Plaques of the amyloid beta (Aβ) peptide are a pathological hallmark of Alzheimer's Disease (AD), the most common form of dementia. Mutations in Aβ also cause familial forms of AD (fAD). Here we use deep mutational scanning to quantify the effects of >14,000 mutations on the aggregation of Aβ. The resulting genetic landscape reveals mechanistic insights into fibril nucleation, including the importance of charge and gatekeeper residues in the disordered region outside of the amyloid core in preventing nucleation. Strikingly, unlike computational predictors and previous measurements, the empirical nucleation scores accurately identify all known dominant fAD mutations in AB42, genetically validating that the mechanism of nucleation in a cell-based assay is likely to be very similar to the mechanism that causes the human disease. These results provide the first comprehensive atlas of how mutations alter the formation of any amyloid fibril and a resource for the interpretation of genetic variation in Aβ.
Raw sequencing data and the processed data table (Supplementary file 3) have been deposited in NCBI's Gene Expression Omnibus (GEO) as record GSE151147. All code used for data analysis is available at https://github.com/BEBlab
The genetic landscape for amyloid beta fibril nucleation accurately discriminates familial Alzheimer's disease mutationsNCBI Gene Expression Omnibus, GSE151147.
- Benedetta Bolognesi
- Ben Lehner
- Ben Lehner
- Ben Lehner
- Mireia Seuma
- Ben Lehner
The funders had no role in study design, data collection and interpretation, or the decision to submit the work for publication.
- Patrik Verstreken, KU Leuven, Belgium
© 2021, Seuma et al.
This article is distributed under the terms of the Creative Commons Attribution License permitting unrestricted use and redistribution provided that the original author and source are credited.
Brain signal decoding promises significant advances in the development of clinical brain computer interfaces (BCI). In Parkinson’s disease (PD), first bidirectional BCI implants for adaptive deep brain stimulation (DBS) are now available. Brain signal decoding can extend the clinical utility of adaptive DBS but the impact of neural source, computational methods and PD pathophysiology on decoding performance are unknown. This represents an unmet need for the development of future neurotechnology. To address this, we developed an invasive brain-signal decoding approach based on intraoperative sensorimotor electrocorticography (ECoG) and subthalamic LFP to predict grip-force, a representative movement decoding application, in 11 PD patients undergoing DBS. We demonstrate that ECoG is superior to subthalamic LFP for accurate grip-force decoding. Gradient boosted decision trees (XGBOOST) outperformed other model architectures. ECoG based decoding performance negatively correlated with motor impairment, which could be attributed to subthalamic beta bursts in the motor preparation and movement period. This highlights the impact of PD pathophysiology on the neural capacity to encode movement vigor. Finally, we developed a connectomic analysis that could predict grip-force decoding performance of individual ECoG channels across patients by using their connectomic fingerprints. Our study provides a neurophysiological and computational framework for invasive brain signal decoding to aid the development of an individualized precision-medicine approach to intelligent adaptive DBS.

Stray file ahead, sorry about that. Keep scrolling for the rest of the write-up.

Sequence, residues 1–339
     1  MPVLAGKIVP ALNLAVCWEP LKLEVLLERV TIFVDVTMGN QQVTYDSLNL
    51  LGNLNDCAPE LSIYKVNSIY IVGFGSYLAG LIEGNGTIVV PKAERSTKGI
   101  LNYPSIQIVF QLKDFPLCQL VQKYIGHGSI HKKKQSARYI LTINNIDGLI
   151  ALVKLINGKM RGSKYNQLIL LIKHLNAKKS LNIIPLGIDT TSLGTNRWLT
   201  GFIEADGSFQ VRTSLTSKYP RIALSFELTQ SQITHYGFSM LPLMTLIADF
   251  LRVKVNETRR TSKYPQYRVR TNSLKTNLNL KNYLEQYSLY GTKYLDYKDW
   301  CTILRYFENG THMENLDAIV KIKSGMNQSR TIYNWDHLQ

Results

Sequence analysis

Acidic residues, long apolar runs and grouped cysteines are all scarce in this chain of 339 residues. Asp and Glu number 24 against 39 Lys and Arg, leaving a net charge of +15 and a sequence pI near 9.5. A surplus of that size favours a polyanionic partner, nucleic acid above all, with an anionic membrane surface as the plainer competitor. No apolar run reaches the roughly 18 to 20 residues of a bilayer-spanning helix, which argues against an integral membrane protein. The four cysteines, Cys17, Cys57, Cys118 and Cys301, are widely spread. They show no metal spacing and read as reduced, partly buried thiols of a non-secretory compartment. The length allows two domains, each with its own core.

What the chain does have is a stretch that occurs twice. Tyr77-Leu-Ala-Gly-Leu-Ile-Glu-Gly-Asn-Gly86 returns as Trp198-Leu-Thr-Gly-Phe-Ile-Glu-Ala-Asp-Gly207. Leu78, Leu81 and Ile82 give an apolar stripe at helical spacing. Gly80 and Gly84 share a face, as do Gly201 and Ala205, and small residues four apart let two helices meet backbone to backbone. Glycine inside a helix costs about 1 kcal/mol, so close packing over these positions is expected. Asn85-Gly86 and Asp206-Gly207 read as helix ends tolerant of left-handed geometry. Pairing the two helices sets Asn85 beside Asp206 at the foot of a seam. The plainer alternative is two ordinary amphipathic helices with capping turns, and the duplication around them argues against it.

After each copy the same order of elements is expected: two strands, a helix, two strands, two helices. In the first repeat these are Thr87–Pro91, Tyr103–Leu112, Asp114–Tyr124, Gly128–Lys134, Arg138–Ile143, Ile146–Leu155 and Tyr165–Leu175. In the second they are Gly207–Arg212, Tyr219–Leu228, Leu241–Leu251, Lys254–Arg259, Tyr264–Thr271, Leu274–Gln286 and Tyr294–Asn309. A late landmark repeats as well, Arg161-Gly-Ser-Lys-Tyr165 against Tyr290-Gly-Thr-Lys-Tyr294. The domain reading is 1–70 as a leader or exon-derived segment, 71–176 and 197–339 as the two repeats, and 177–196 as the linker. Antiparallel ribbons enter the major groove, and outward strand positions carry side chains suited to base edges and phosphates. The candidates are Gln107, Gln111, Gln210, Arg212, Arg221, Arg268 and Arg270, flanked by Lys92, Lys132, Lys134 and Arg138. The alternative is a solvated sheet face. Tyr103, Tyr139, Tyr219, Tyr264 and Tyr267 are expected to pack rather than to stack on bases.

Aneuploidy, a state of chromosome imbalance, is a hallmark of human tumors, but its role in cancer still remains to be fully elucidated. To understand the consequences of whole-chromosome-level aneuploidies on the proteome, we integrated aneuploidy, transcriptomic, and proteomic data from hundreds of The Cancer Genome Atlas/Clinical Proteomic Tumor Analysis Consortium tumor samples. We found a surprisingly large number of expression changes happened on other, non-aneuploid chromosomes. Moreover, we identified an association between those changes and co-complex members of proteins from aneuploid chromosomes. This co-abundance association is tightly regulated for aggregation-prone aneuploid proteins and those involved in a smaller number of complexes. On the other hand, we observed that complexes of the cellular core machinery are under functional selection to maintain their stoichiometric balance in aneuploid tumors. Ultimately, we provide evidence that those compensatory and functional maintenance mechanisms are established through post-translational control, and that the degree of success of a tumor to deal with aneuploidy-induced stoichiometric imbalance impacts the activation of cellular protein degradation programs and patient survival.